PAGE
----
Coillte launches new ‘branch’ with an alternative focus
The state-owned commercial forestry business, Coillte, has today announced that it has established a new ‘not-for-profit’ entity – Coillte Nature – which will focus on the environment and recreational forests.
According to a statement, Coillte Nature will target the delivery of new woodlands that will facilitate species diversity, biodiversity and carbon sequestration as part of the Government’s National Forestry Programme.
The establishment of Coillte Nature will also see the conversion of certain commercial Coillte forests to recreational forests.
These projects are intended to increase the national forest estate but with a strong emphasis on carbon sequestration, species diversification, biodiversity and the development of outdoor recreation and tourism amenities.
Coillte Nature will collaborate with other organisations in implementing forestry and recreation projects, according to the statement.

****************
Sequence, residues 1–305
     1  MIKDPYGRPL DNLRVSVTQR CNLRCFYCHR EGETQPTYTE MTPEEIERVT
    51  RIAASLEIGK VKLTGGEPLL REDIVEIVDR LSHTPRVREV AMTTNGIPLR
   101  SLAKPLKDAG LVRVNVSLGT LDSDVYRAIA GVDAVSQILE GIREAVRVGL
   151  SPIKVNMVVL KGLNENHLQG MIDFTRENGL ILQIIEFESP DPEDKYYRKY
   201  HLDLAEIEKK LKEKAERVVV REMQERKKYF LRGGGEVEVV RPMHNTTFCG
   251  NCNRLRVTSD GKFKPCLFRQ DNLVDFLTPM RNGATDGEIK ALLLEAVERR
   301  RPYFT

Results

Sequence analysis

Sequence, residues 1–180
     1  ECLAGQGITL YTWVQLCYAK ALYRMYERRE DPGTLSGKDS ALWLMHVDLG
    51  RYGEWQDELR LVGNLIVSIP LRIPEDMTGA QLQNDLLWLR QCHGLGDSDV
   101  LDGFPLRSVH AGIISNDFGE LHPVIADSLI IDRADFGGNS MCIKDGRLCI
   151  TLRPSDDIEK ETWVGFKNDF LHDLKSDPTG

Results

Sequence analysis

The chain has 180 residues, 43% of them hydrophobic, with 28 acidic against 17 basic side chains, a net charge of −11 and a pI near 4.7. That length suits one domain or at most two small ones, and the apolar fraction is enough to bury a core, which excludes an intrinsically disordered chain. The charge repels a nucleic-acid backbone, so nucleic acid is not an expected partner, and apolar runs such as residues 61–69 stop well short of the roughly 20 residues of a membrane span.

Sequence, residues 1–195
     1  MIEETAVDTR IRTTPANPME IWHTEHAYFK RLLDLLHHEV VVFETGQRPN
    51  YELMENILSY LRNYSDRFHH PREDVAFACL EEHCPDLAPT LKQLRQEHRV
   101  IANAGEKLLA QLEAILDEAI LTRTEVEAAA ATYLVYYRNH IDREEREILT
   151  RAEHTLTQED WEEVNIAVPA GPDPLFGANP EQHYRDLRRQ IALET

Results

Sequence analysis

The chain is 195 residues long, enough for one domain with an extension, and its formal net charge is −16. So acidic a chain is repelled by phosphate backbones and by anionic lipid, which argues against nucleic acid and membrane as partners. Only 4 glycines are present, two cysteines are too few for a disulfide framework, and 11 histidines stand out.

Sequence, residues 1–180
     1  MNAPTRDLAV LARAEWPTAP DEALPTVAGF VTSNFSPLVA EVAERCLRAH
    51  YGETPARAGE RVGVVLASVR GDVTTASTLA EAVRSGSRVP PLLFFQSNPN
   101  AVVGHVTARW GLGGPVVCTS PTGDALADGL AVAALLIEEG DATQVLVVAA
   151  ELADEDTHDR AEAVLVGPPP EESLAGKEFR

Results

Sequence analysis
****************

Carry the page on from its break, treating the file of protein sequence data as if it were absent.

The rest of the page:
A new director of Coillte Nature will be appointed shortly.
The inaugural project
The inaugural project of Coillte Nature being announced today is the Dublin Mountains Conversion.
Conversion from commercial forests to recreational forests will involve a mixture of continuous cover forestry (CCF) and removal of commercial species and replacement with non-commercial native tree species.
Commenting on the establishment of Coillte Nature, the chairperson of Coillte, Bernie Gray, said: “Coillte’s focus is to drive a strong commercial performance and at the same time provide a valuable environmental and social dividend to society at large.
“The Dublin mountains conversion project which we are announcing today is an excellent example of the kind of collaboration and innovation which Coillte can deliver for the benefit of the environment and our citizens.”
Welcoming the launch, the Minister of State for Food, Forestry and Agriculture, Andrew Doyle, said: “I very much welcome this new initiative by Coillte for the establishment of Coillte Nature.
The launch of the Government’s Climate Action Plan this week has set us ambitious targets for new afforestation in the coming years and Coillte will have a key role to play in the delivery of this.
“Equally important is the contribution which our forests can make to other environmental priorities especially biodiversity and water quality.
“I look forward to seeing the results which Coillte Nature will deliver on its initiatives,” Doyle concluded.